Future of onshore wind farms unclear as local communities given more say
Local communities will have greater power to veto the construction of onshore wind farms, as a result of changes to planning guidance, announced by the government today.
Under the changes, communities will be consulted earlier in the application process and, for developments that go ahead, will receive five times the value of benefits paid for by developers.
The Government says the measures will ensure that the concerns of local The new community subsidy for a medium-sized (20MW) wind farm will be about £100,000 per year, which is the equivalent of up to £400 a year off each household’s annual bill.
Secretary of State Ed Davey said: “It is important that onshore wind is developed in a way that is truly sustainable – economically, environmentally and socially, and today’s announcement will ensure that communities see the windfall from hosting developments near to them, not just the wind farm.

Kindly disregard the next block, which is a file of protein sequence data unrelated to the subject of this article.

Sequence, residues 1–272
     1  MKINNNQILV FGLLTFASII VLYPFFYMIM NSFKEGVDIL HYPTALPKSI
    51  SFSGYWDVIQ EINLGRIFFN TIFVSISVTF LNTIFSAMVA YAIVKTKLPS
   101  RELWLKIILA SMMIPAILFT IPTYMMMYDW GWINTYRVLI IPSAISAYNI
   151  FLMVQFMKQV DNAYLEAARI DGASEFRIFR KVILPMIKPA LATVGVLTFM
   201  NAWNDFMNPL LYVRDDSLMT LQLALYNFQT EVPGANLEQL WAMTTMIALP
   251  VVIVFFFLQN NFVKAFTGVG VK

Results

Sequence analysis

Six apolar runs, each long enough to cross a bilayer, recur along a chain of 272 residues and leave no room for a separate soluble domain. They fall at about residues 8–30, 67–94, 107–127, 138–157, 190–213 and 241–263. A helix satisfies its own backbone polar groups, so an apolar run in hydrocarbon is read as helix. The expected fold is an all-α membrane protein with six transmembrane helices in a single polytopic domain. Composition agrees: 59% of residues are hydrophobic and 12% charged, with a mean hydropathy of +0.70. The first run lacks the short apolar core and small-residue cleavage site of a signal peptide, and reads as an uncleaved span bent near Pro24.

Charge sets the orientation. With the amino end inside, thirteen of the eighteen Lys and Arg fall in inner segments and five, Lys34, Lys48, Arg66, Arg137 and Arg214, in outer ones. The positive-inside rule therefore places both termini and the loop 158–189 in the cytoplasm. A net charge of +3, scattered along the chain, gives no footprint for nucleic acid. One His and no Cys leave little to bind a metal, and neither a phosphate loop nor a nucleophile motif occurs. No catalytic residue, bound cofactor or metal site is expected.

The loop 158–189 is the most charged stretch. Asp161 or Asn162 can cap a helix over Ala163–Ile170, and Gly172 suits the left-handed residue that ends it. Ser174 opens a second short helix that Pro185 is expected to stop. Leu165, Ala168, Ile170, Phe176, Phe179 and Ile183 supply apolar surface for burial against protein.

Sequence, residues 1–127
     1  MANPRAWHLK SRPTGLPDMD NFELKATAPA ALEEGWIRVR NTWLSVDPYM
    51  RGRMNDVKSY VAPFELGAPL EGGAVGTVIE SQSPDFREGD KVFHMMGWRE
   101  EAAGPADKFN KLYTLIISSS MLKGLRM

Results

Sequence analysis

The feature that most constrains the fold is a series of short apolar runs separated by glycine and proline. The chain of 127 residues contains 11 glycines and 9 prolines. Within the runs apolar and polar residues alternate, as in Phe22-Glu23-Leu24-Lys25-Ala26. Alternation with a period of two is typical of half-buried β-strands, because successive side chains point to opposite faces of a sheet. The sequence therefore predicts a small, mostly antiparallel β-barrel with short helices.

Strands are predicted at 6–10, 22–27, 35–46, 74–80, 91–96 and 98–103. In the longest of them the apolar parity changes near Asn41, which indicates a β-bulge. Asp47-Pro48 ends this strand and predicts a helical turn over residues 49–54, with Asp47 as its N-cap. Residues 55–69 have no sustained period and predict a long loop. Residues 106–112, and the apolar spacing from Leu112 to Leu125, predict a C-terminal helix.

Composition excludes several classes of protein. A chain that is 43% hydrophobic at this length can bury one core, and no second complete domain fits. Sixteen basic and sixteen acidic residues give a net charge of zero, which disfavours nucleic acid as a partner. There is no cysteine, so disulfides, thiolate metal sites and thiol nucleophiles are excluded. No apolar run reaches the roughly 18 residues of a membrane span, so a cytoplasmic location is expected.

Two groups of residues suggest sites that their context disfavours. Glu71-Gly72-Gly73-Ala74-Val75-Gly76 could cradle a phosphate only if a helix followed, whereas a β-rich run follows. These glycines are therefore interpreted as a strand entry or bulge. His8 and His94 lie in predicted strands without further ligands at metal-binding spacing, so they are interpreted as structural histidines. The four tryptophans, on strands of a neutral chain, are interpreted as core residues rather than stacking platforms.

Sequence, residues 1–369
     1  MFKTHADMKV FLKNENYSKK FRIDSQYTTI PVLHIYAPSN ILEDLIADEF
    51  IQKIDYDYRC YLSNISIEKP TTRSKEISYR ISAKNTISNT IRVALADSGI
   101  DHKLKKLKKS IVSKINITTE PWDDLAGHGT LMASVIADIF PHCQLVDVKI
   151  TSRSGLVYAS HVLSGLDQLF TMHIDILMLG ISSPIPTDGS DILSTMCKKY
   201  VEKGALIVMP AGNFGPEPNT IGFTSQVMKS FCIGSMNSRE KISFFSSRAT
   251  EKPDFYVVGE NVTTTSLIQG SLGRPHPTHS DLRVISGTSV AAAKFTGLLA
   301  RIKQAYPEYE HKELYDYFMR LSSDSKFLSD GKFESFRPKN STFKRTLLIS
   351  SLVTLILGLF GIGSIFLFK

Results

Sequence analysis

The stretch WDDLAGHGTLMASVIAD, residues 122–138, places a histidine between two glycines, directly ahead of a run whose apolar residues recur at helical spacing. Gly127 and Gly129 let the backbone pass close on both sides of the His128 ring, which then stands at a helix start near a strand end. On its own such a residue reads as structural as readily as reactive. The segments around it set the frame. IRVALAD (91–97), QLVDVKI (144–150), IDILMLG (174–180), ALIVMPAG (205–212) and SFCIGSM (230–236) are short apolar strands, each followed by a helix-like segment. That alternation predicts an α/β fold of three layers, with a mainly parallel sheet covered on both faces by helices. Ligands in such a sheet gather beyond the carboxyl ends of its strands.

“We remain committed to the deployment of appropriately sited onshore wind, as a key part of a diverse, low-carbon and secure energy mix and committed to an evidence-based approach to supporting low carbon power.”
Trade association RenewableUK agreed with the fivefold increase in community benefit funds but said it was “very disappointing” that this would make some future projects unviable.
RenewableUK’s chief executive, Maria McCaffery said: “Adding to this cost, by following the Government’s advice that we should pay substantially more into community funds for future projects, may unfortunately make some onshore wind energy developments uneconomic in England.”
“That said, we recognise the need to ensure good practice across the industry and will continue to work with Government and local authorities to benefit communities right across the country which are hosting our clean energy future.”
Energy Minister, Michael Fallon said the Government was “changing the balance” to ensure that local communities were consulted earlier and had more say.
“Today, we are putting local people at the heart of decision making on onshore wind. When new turbines are agreed, we will ensure that they are developed in a way that benefits the local community, such as through cheaper energy bills,” he said.
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